Baby Shivanya is homeward-bound
Sangli kid who had to undergo life-saving heart surgery has recovered; parents avoid going back to flood-ravaged village
"When I came to Mumbai, my two-month-old daughter was battling for life. Had it not been for the doctors and staff at Wadia [hospital], she would not have been alive," said an emotional Sandeep Shinde, father of Shivanya, outside the hospital ward. Shivanya, who has completely recovered from a recent surgery, will now be going back to her hometown in Sangli with her parents.
mid-day on August 27 had reported about the ordeal that Sandeep and his wife had been through. The Shinde family had lost everything, including their rented house, in the flash floods that submerged Haripur village in Sangli district, where they had been living for the last few years. They were saved by the NDRF team and later shifted to a rescue centre. Soon after, Shivanya was diagnosed with a birth defect called Total Anomalous Pulmonary Venous Connection—her pulmonary vein was on the right side, instead of the left.
Two-month-old Shivanya will have to visit the hospital every month for regular checkups
In layman's terms, this means that the purified blood required on the left side of the heart, was going to the right side instead. Her condition was aggravated by a small hole in her heart, causing the mixing of pure and impure blood.
She was rushed to Wadia Hospital in Mumbai, where doctors had recommended a complex open heart surgery on an urgent basis. Since the family was unable to pay for the treatment, which cost around R3 lakh, the expenses were footed by Sir Ness Wadia Foundation (SNWF).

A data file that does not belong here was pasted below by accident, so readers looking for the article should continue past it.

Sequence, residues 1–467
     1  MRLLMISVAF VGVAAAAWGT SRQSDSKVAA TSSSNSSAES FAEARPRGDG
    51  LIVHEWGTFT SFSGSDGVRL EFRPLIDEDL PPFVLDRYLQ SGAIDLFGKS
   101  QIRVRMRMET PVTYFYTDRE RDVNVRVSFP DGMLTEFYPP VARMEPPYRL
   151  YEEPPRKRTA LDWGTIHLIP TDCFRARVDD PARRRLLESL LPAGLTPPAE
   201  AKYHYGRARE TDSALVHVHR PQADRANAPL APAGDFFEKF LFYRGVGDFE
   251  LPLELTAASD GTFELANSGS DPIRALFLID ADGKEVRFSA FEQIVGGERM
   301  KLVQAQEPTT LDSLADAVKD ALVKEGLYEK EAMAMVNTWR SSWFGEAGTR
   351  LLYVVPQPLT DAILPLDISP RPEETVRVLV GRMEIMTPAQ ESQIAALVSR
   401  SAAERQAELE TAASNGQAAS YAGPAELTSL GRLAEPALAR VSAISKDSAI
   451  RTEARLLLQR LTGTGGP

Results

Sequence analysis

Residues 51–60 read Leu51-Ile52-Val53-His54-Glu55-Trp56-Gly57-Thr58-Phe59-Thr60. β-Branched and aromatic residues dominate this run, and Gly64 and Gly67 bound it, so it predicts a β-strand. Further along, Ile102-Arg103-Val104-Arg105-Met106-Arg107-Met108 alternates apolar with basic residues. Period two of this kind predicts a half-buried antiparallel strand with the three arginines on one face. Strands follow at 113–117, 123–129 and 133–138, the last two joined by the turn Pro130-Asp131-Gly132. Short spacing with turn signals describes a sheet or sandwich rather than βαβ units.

Speaking to mid-day, Dr Biswa Panda, paediatric cardiac surgeon at the hospital, who carried out the supra major surgery said, "Post the surgery, Shivanya has been showing positive signs of improvement. We conducted a 2D Echo on Friday and the results were satisfactory. We will be discharging her on Sunday. The parents will need to get her again after 10 days for a checkup."
According to Dr Panda, it is crucial to keep monitoring the functioning of the heart and surgical results for at least two months. "We will also be reducing the dosage of medicines, following the results of our next 2D Echo scan." A spokesperson from the hospital added, "For one or two months, the child will need cardiac medicines for complete recovery; a follow up after 7 to 10 days is advised."
Post the mid-day story, a few good Samaritans supported the Shinde family with clothes and money, Dr Panda said. Unfortunately, post the flooding, Haripur village has been plagued with monsoon-related ailments; dengue cases have also been on the rise. When asked if it was advisable for the family to return to their hometown, a doctor at the hospital said, "The parents should ensure that they make use of a mosquito net. We have also advised that they consume potable water."
The family, however, as a precaution has decided against going to Haripur. They will be living in a relative's home in Jatrawadi village, which is 20 km from Kolhapur. "We have to start from scratch, and I want to give the best to my daughter. She is more precious to us than anything else."
Social worker Poonam Phatak, the good Samaritan, who helped arrange timely treatment for Shivyani in Mumbai, said, "I am in touch with the family, and as initial relief for flood affected families in Haripur village, the administration has transferred R5,000 in their bank accounts. I am also trying to reach out to the Sangli-Miraj-Kupwad Municipal Corporation (SMKMC) commissioner to check if there is a possibility of providing any alternate accommodation to the Shindes. However, I feel that the family should continue to stay in the hospital, as all the travel might strain the child."
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